We know we’re commanded to be grateful, but beyond obedience, here are the physiological benefits.
I live in Canada and we celebrated Thanksgiving in October while the U.S. celebrates Thanksgiving in November. Although a few other countries celebrate similar holidays, Canada and the U.S. make a big deal of it. Many people in both countries approach Thanksgiving with a desire to be more grateful, at least on those holidays.
It’s great that we highlight gratefulness through a holiday, but did you know that gratitude is actually good for your brain and your body? Consider what science has discovered about this amazing brain fertilizer.
• Can give you more energy. In one research study participants kept a daily journal listing what they were grateful for. Another group recorded what annoyed them. Those who kept a ‘gratefulness’ journal had more energy and enthusiasm and were happier than the other group (Emmons & McCullough, 2003).
• Can help you become more other-centered. In a study by the same researchers, participants also daily journaled what they were grateful for. In addition to similar results to the above cited study, they discovered an interesting side effect. Those in the ‘grateful’ group reported that they were more inclined to help others with a personal problem. They became what is called more “pro-social” (Emmons, 2006).
• Can help you sleep better. Our brains and bodies need adequate sleep. When we don’t get enough sleep, our brains can’t consolidate our experiences from the day into our long term memory. So, without refreshing sleep, our memory and cognitive function suffers. A Chinese study discovered that not only did gratitude improve sleep, but decreased depression and indirectly lowered anxiety (Korb, 2012). So, start and end your day with a grateful heart for more rejuvenating sleep.
• Can make you physically feel better. When we are grateful, we activate brain regions associated with the feel good transmitter, dopamine. Gratefulness also increases the mood neurotransmitter serotonin and the trust hormone, oxytocin. When dopamine is released, it evokes a “do that again” response. So, a grateful heart can feed on itself and help us want to repeat it. Its called the ‘virtuous cycle.’ We simply have to start the process by choosing to be grateful.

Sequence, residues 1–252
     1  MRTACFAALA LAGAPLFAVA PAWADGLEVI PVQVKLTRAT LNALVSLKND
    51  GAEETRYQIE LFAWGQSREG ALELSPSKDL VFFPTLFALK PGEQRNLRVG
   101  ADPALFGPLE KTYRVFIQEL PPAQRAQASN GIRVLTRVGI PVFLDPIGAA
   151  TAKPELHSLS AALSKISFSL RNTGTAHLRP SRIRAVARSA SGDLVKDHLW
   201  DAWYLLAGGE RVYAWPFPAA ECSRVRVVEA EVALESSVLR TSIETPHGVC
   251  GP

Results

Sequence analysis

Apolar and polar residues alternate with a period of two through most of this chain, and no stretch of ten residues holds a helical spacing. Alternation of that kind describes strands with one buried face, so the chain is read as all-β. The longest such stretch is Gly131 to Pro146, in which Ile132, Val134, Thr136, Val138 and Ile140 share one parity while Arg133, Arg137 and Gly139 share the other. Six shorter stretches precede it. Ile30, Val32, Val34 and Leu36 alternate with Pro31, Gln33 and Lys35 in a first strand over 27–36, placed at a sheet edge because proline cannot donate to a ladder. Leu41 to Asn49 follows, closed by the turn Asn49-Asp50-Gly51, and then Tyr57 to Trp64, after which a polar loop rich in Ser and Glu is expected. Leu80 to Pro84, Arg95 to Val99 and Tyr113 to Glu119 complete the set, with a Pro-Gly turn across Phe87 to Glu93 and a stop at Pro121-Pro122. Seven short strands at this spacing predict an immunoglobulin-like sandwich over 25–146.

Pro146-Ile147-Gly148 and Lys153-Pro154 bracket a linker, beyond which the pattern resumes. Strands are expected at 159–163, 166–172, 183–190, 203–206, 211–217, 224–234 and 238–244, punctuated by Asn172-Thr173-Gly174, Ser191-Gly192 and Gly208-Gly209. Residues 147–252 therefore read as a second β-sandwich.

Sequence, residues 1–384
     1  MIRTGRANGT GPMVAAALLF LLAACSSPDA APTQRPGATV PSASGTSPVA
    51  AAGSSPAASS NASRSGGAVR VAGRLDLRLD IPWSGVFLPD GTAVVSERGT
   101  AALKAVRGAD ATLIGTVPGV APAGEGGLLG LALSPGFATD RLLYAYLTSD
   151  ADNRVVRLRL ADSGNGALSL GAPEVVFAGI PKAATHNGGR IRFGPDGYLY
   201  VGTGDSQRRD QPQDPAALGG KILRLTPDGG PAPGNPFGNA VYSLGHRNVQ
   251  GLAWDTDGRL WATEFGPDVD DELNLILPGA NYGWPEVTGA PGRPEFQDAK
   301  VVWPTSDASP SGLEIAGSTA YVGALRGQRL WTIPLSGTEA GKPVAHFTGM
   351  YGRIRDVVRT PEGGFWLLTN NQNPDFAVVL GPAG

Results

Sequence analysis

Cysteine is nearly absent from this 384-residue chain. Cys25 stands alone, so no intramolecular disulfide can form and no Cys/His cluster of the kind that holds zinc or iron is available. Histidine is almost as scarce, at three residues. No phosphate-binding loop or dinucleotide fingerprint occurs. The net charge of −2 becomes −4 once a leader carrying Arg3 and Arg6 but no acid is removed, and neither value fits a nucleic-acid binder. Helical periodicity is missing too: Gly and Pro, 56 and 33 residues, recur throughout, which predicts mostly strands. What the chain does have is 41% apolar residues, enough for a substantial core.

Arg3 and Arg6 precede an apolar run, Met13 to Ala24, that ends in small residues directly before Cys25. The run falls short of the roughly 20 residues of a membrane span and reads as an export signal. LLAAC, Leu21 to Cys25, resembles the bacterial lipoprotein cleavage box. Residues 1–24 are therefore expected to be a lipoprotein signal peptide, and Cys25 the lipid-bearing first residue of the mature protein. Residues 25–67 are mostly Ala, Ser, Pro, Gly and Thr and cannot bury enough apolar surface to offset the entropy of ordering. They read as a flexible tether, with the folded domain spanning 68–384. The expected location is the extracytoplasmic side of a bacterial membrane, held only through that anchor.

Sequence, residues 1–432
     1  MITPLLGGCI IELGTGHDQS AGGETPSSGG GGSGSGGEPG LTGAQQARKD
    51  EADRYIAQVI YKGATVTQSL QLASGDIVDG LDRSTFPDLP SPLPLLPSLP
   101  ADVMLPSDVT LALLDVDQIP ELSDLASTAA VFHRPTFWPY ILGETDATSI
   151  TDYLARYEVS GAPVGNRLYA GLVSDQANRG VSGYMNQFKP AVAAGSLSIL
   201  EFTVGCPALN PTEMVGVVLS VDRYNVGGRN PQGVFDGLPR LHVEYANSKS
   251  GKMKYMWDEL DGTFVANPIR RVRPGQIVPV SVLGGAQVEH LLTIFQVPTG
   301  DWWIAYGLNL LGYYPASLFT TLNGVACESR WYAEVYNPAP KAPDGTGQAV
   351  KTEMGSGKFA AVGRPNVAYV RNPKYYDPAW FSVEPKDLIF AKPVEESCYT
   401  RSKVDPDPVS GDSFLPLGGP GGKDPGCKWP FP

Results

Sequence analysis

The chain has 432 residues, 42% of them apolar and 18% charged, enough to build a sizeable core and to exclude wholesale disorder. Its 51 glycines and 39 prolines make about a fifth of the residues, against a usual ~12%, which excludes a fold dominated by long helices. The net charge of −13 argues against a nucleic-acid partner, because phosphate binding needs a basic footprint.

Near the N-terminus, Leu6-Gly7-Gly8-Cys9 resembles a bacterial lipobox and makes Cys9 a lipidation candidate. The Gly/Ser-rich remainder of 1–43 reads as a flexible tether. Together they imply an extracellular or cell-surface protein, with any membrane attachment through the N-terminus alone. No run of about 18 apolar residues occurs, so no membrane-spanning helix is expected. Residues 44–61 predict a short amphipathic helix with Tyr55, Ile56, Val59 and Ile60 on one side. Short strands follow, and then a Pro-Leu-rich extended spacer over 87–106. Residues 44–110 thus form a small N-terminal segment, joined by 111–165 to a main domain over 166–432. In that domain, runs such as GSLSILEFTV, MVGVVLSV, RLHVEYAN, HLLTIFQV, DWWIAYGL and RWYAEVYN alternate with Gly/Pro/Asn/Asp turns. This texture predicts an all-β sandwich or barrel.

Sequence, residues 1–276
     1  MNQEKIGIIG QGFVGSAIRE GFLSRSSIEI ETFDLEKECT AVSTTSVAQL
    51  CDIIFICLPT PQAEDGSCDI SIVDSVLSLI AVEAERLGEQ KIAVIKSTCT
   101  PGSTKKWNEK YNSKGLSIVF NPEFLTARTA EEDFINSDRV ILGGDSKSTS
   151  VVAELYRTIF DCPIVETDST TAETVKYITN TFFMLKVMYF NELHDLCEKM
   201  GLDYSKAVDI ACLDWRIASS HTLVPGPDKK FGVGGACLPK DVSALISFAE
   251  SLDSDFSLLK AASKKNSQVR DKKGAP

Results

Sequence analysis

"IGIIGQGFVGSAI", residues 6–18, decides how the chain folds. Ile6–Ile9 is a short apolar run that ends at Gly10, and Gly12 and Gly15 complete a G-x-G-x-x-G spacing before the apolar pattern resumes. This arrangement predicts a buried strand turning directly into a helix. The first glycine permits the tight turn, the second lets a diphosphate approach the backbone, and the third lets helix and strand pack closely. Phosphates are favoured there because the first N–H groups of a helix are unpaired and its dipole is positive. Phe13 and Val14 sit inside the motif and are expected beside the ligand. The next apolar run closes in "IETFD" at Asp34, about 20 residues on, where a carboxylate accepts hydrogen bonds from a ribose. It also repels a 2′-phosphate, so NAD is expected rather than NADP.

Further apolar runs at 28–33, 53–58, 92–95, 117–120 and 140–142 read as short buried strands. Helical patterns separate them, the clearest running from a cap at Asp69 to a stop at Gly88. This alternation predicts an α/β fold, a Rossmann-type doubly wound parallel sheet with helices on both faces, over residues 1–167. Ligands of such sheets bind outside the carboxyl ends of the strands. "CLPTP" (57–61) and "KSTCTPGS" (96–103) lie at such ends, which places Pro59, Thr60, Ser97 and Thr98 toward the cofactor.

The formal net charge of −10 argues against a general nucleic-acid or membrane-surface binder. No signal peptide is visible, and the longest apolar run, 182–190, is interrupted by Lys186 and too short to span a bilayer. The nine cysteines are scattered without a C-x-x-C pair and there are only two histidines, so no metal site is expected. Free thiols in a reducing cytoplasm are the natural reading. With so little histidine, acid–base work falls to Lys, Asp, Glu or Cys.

• Can help you become less materialistic. Several studies have shown that people with higher levels of gratitude are more likely to have lower than average traits of materialism (McCullough, 2002).This finding reminds of Jesus’ words, In everything I did, I showed you that by this kind of hard work we must help the weak, remembering the words the Lord Jesus himself said: ‘It is more blessed to give than to receive.’” (Acts 20.35)
• Can help combat negativity and the negative emotions that follow. Because our brain has five times more negative circuits than positive ones, we naturally tend to focus on the negative. It’s called the brain’s ‘negativity bias.’ When we are grateful it forces our brain to think about the positive. The Apostle Paul understood this when he wrote Philippians 4:8: “Finally, brothers, whatever is true, whatever is noble, whatever is right, whatever is pure, whatever is lovely, whatever is admirable—if anything is excellent or praiseworthy—think about such things.”
Not only does science speak to gratefulness, it also fills the pages of Scripture.
• 1 Thess. 5:16: “Be joyful always; pray continually; give thanks in all circumstances, for this is God’s will for you in Christ Jesus.”
• Ps. 100:4: “Know that the LORD is God. It is he who made us, and we are his; we are his people, the sheep of his pasture. Enter his gates with thanksgiving and his courts with praise; give thanks to him and praise his name.”
• Col. 3:16: “Let the word of Christ dwell in you richly as you teach and admonish one another with all wisdom, and as you sing psalms, hymns and spiritual songs with gratitude in your hearts to God.”
An old saying about gratitude goes like this.
If you’ve forgotten the language of gratitude, you’ll never be on speaking terms with happiness.
Don’t forget the language of gratitude today.
This article originally appeared on CharlesStone.com.
• Emmons, R.A. & McCullough, M.E. (2003) Counting blessings versus burdens: An experimental investigation of gratitude and subjective well-being in daily life. Journal of Personality and Social Psychology, 84 (2), pp.377–389.
• Emmons, Gratitude and prosocial behavior: An experimental test of gratitude. Available from: https://www.academia.edu/365898/Gratitude_and_prosocial_behavior_An_experimental_test_of_gratitude [Accessed 26 November 2014].
• McCullough, Michael E. (2002) Savoring Life, Past and Present: Explaining what hope and gratitude share in common, Psychological Inquiry